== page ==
I saw a quote recently that said nothing ever goes as planned – you wind up where you are by accident no matter what your big plans are. It’s a variation of the proverbial John Lennon quote, “Life is what happens while you’re busy making other plans.”
And so, as I review my announced plans for 2017 for this month-late update, I don’t feel terribly bad about saying, well, Life happened. Continue reading Second quarter + one month report
Rolf Pepperkorn blinked three times and stared so long that everything seemed awkward before he finally blurted, “You’re a leprechaun!” and immediately felt embarrassed.
The old man pulled a book he’d never read off the shelf, settled into his reading chair, opened the old tome and cried, “All right, you, where are we going together tonight?”
It was a race to the lighthouse, but neither the plane nor the sailboat had a way to land.
Was it days or weeks or months or years since he’d been on land and raised his face to a warm sun?
I really can’t remember the first time the rabbits in the yard began to talk.
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Pete Bratcher walked out of his barn as I clattered up in my pickup truck. Stella, or Kathleen or Whoever Her Name Was, stepped out behind him. It didn’t feel reassuring that both were cradling rifles. They seemed to relax when it became clear no one was in the truck with me and no one was following me. What, did they think I’d bring the law with me, or that the law would insist on coming along?
Maybe it was me putting airs on Pete now that I had some idea he was more than he seemed, but I felt like there was a sharpness and an edge to the way he carried himself this morning, as opposed to good old rumpled and relaxed Peter who was everybody’s pal.
The girl – why after the last 30-40 years is it still OK to call a young woman a girl? – wore her ever-present baseball cap with the ponytail through the back and the thin line of a mouth. The T-shirt and jeans showed how trim she was, as always, which I admit would be distracting if not for her firm “can’t touch this” attitude and the fact that I was too upset to notice that sort of thing just then. Continue reading scene 9
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It’s bad enough that Buzz always made comments about the aliens wanting to fatten us up for meals. It was worse that the morgue reminded me of a commercial kitchen with the stainless steel door on the cooler and all the stainless shelving and equipment.
“Won’t take long,” the sheriff said as he walked me down the corridor and through the swinging door to the place where they housed the recently departed for processing. “This is the tough part.”
“Yeah,” I said. “Poor Buzz. He didn’t deserve to die early.”
I didn’t mean for that to come out as an accusation, and I hoped it didn’t sound that way because it might signal that I knew more about what happened a few hours earlier than I was letting on. No such luck, as usual. Continue reading scene 8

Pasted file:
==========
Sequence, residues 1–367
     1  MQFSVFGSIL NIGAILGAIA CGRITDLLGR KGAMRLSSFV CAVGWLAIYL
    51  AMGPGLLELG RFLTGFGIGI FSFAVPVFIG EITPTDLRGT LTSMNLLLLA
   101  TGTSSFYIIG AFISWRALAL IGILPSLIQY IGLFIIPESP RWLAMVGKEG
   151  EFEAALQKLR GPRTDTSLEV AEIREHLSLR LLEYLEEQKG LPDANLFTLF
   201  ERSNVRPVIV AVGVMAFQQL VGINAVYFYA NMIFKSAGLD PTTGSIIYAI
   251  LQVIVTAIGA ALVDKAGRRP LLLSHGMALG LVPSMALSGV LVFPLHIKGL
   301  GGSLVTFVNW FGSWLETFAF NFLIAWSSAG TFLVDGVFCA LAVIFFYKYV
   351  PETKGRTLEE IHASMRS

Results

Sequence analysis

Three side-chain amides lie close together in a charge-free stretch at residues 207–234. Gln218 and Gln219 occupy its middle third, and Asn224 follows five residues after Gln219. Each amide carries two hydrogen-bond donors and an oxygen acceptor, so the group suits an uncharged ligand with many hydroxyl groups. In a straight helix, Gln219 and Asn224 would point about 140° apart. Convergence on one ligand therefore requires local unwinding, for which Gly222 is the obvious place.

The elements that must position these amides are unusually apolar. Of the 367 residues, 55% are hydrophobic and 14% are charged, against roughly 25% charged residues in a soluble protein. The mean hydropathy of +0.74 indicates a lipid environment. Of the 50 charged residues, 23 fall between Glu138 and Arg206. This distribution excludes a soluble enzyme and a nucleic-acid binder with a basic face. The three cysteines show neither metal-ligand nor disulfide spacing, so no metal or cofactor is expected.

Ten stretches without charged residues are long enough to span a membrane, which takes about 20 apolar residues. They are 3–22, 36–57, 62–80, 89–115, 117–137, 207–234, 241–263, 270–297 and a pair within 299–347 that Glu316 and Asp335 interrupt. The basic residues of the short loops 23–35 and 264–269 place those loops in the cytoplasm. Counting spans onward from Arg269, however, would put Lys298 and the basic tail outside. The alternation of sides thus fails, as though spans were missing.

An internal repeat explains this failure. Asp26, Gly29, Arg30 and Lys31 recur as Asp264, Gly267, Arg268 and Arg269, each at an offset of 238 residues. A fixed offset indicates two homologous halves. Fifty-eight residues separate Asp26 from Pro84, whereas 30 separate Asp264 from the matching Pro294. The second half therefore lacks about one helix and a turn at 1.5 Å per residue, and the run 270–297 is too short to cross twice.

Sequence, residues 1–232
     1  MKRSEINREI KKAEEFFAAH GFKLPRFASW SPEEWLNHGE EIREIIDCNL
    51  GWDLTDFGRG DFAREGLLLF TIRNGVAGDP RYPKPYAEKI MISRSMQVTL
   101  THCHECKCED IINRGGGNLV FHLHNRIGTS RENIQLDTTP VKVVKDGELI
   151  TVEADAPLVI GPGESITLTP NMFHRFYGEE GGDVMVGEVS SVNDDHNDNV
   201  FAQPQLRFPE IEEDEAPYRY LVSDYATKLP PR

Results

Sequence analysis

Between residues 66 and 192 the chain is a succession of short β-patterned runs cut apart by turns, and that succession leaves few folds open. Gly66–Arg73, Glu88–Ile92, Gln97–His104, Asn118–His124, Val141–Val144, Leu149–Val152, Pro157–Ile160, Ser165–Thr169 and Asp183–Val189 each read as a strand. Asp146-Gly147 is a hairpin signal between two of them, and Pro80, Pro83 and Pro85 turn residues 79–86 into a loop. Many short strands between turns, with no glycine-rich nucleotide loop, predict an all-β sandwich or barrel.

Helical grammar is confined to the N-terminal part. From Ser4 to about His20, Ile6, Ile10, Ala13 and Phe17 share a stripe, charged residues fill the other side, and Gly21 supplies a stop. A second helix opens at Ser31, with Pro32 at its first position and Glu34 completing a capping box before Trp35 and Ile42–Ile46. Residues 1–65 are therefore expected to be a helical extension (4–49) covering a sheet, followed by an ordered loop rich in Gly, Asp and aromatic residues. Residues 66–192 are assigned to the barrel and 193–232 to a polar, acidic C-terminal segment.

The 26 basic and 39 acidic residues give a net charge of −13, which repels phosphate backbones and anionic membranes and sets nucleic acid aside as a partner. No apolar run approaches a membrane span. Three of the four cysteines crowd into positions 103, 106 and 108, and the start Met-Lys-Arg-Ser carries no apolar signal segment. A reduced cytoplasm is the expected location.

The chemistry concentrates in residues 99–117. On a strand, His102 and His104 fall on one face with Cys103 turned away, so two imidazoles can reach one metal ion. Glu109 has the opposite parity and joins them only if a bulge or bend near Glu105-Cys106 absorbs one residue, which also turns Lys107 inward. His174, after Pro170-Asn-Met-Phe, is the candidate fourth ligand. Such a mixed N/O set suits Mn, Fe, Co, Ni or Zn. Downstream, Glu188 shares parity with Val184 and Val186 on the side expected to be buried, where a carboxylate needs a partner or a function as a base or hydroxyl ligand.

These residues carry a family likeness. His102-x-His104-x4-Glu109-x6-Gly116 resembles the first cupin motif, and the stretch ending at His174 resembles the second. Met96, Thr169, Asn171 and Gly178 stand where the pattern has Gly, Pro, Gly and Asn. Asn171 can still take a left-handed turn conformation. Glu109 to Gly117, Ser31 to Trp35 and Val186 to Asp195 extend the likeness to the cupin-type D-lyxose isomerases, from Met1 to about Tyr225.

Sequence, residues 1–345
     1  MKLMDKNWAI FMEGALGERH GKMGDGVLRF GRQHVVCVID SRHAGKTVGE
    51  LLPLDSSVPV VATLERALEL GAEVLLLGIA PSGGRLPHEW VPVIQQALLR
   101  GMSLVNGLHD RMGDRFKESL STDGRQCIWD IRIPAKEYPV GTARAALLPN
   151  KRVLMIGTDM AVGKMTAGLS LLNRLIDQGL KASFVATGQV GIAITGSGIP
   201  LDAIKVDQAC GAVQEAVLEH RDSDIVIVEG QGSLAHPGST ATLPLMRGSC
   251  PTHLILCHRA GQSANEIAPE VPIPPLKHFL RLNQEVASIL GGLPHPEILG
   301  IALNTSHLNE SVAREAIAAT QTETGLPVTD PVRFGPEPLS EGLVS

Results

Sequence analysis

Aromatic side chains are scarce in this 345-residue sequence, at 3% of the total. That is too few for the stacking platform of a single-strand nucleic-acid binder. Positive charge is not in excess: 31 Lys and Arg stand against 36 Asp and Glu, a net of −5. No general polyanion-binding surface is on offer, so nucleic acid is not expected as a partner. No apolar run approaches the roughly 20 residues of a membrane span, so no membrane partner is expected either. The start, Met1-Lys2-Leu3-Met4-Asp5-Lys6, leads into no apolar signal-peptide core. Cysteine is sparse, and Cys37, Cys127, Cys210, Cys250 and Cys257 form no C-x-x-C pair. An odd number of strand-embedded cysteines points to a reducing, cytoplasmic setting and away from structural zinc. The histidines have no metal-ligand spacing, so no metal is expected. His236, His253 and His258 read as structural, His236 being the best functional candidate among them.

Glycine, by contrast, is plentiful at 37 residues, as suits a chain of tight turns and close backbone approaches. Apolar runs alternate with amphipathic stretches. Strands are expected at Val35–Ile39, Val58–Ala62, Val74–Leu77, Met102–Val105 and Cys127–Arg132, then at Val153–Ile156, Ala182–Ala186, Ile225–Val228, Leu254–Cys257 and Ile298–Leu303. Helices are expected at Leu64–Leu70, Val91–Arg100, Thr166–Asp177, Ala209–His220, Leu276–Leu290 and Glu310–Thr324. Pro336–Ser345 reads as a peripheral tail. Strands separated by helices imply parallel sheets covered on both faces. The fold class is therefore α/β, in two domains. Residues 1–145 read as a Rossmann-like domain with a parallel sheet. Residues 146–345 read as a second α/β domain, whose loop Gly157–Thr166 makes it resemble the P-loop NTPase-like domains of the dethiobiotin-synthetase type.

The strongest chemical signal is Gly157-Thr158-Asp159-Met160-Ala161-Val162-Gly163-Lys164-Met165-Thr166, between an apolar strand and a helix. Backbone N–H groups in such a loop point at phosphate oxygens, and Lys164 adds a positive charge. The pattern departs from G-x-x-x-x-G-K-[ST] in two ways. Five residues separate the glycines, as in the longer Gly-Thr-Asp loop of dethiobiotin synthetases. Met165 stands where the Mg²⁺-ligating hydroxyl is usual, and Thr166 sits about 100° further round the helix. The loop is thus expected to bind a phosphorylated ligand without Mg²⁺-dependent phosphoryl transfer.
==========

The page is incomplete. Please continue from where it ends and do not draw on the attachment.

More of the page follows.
He turned the corner and the snake-like things were there, slowly slithering toward him. His heart was beating hard.
“Now,” he said, charging the makeshift device, “let’s see if this works.”
He was awakened by his wife stirring from sleep beside him. It took a few moments for his quick breaths to become even.
“Ow, wow,” she purred. “I just had the weirdest dream. There were these things, sort of like snakes or caterpillars but with each segment made of everyday things. When we were able to dissect them, one link in the chain would be, I don’t know, a Lego brick, and the next would be like a food item, and it was only every few links that there was something – alien – and it was those alien segments that gave the snakes life. But it seemed like I was the only person who cared that these things were taking over, and – why do you look so upset? It was just a freaky dream.”
“I was having the same dream,” he said. “We had just figured out what it would take to defeat them, and I was just powering up the machine to go after them when I woke up, and you woke up at the same time.”
She looked at him with alarm, and then smiled, touching his face.
“Wow, now we’re having the same dreams together,” she said. “Aren’t we the cutest couple?”
The morning calm was broken by a snakey sound outside the door.
Happenings around the world, including the attempted assassination of U.S. congressmen at a baseball practice this week, always remind me of the opening lines of my little anti-war anarchist novel The Imaginary Revolution, which I was merrily writing along five summers ago now.
This was the first fragment I wrote on the ImagRev blog, and it never got dislodged as the book’s introduction:
I always thought war was stupid.
I mean, think about it. You and your adversary disagree about something, and the solution is to send your citizens to fight each other to the death?
You’re never going to succeed in killing each and every one of your adversary’s citizens, so even if you win, there are thousands of people who still believe in whatever it was you were trying to obliterate.
You can’t kill an idea.
The book is told in the first person by the main character, Ray Kaliber, but on this point (among a few others) the author and his character are in complete agreement.
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The first thing I heard that damaged my calm was the sound of two doors slamming. The sheriff had help with him.
Up until when I opened the door to the cabin, I half expected the big, four-armed, whatever-it-was to be standing behind him, electric ray gun at the ready.
But it was just Maynard, the chief deputy, looking stern, a step behind Sheriff Belloc like he always was.
“Hey, Francis,” I said to the sheriff. He hates being called Francis. “Hey, Maynard. What are you guys doing out here this early?” I figured it wasn’t 5 yet, by the light or general lack thereof.
“Mind if we come in, Hank?” Continue reading scene 7